Everyone has a right to come home

Author: 
Michael Steinberg & Evan Casper-Futterman
Date Published: 
November 21, 2007

New Orleans rallies to save public housing, considers nation-wide call for mass protest to stop demolition

New Orleans housing rally
In the shadow of the looming skyscrapers and corporate wealth of Poydras Street in New Orleans and the impending plan to demolish and redevelop public housing, dozens of public housing residents, activists, organizers and supporters rallied in front of the federal courthouse last Tuesday to shine a light on the corruption of housing officials and demand the re-opening of public housing. With demolition threatened to begin as early as Nov. 28, talk of a mass protest in New Orleans is heating up around the country. Many activists believe New Orleans is a test ground for the demolition of public housing across the nation and its replacement with “mixed-income” developments that would displace thousands of families. They say: “Pledge to come to New Orleans and resist this privatization of public housing!” Photo: Mavis Yorks

It was a little past 4:00 on Tuesday, Nov. 13, and Sharon Jasper was leading the crowd in a chant in front of the federal building on Poydras in downtown New Orleans. The call and response was simple, loud and clear: "What do we want?" "Housing!" "When do we want it?" "Now!"

A section of heavy chain lay across Jasper's shoulder, while she held a noose in one hand. A resident of the St. Bernard public housing complex, her accessories dramatized the current plight of New Orleans' shut-out public housing tenants.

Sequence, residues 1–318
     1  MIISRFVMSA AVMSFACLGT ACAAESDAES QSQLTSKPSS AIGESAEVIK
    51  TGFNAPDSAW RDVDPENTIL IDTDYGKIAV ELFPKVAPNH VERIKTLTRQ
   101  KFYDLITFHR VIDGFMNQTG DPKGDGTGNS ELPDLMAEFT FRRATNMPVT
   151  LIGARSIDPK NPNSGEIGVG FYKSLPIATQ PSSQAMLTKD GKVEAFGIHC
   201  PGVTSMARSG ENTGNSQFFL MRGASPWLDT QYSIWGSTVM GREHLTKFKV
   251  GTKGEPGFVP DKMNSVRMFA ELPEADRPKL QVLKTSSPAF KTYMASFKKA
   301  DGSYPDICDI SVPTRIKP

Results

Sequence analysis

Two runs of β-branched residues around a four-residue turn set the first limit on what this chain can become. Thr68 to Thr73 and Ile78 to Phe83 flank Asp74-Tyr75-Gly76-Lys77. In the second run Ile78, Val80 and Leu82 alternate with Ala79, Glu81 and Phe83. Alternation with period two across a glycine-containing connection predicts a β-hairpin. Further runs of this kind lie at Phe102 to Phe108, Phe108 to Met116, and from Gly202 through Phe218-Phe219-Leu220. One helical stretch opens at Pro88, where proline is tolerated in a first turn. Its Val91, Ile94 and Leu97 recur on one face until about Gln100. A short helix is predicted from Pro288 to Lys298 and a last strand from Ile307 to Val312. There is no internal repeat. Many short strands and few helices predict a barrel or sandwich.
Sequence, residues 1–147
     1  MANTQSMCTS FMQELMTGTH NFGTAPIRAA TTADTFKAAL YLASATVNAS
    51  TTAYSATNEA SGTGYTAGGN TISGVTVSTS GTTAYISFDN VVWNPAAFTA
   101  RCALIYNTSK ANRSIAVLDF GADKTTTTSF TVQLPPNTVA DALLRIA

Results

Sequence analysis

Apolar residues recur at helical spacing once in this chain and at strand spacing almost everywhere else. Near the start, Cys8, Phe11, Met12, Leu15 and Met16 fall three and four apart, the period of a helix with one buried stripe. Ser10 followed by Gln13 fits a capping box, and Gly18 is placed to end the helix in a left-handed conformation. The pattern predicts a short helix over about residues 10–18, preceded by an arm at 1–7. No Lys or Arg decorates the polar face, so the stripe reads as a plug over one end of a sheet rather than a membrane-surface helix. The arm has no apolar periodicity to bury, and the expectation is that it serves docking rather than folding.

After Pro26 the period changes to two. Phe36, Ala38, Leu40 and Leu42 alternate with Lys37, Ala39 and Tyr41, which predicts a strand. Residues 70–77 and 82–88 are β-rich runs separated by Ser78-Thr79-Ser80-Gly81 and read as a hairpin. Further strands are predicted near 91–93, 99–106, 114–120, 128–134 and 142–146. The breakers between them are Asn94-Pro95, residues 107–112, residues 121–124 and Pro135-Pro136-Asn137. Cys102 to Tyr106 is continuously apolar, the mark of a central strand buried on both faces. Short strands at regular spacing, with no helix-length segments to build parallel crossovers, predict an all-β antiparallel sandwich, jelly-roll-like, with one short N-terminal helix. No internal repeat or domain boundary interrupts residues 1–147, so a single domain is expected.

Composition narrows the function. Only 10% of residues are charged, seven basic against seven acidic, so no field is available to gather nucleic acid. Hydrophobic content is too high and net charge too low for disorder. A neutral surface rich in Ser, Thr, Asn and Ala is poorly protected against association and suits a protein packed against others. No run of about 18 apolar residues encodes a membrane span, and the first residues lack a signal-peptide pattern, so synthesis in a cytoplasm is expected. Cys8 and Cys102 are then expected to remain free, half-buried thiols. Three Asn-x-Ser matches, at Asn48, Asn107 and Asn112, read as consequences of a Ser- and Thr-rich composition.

"Take the noose from around the poor working class people," Jasper declared. "Take the shackles off our feet. We are out to fight all the corruption of the city government. Public housing is a human need and a human right."

As she spoke out, people marched in a circle on the plaza in front of the federal facility, carrying signs that read, "They push out, we push back," "Stop high rents" and "Down with poverty pimps."

The "poverty pimps" are being called out for either profiteering from the demolition of public housing in New Orleans or for their obstruction of any attempt to re-open the developments that currently exist. Speakers called out Federal District Judge Ivan Lemelle for his dismissal of large portions of a class action suit filed on behalf of the residents of public housing, and Una Anderson, a former School Board official running for a seat in the Louisiana Legislature, who has partnered with development firms to assume redevelopment rights for the C.J. Peete Housing Development.

HUD Secretary Alphonso Jackson was called to task for his ongoing financial ties to Atlanta-based Columbia Residential, one of the firms given a lucrative role in the St. Bernard redevelopment project. Also being investigated is a close friend's claim that Jackson lobbied to award him a no-bid $500,000 contract for consulting assistance to HANO after Katrina. Jimmie Thorns is also said to be a close friend of Judge Lemelle.

Referring to a publicized plan to convert the St. Bernard Development into a golf course, attorney Tracie Washington, president of the Louisiana Justice Institute, said, "We don't need a golf course at the St. Bernard housing development! You want to build a golf course? Go to [nearby suburb] Metairie!"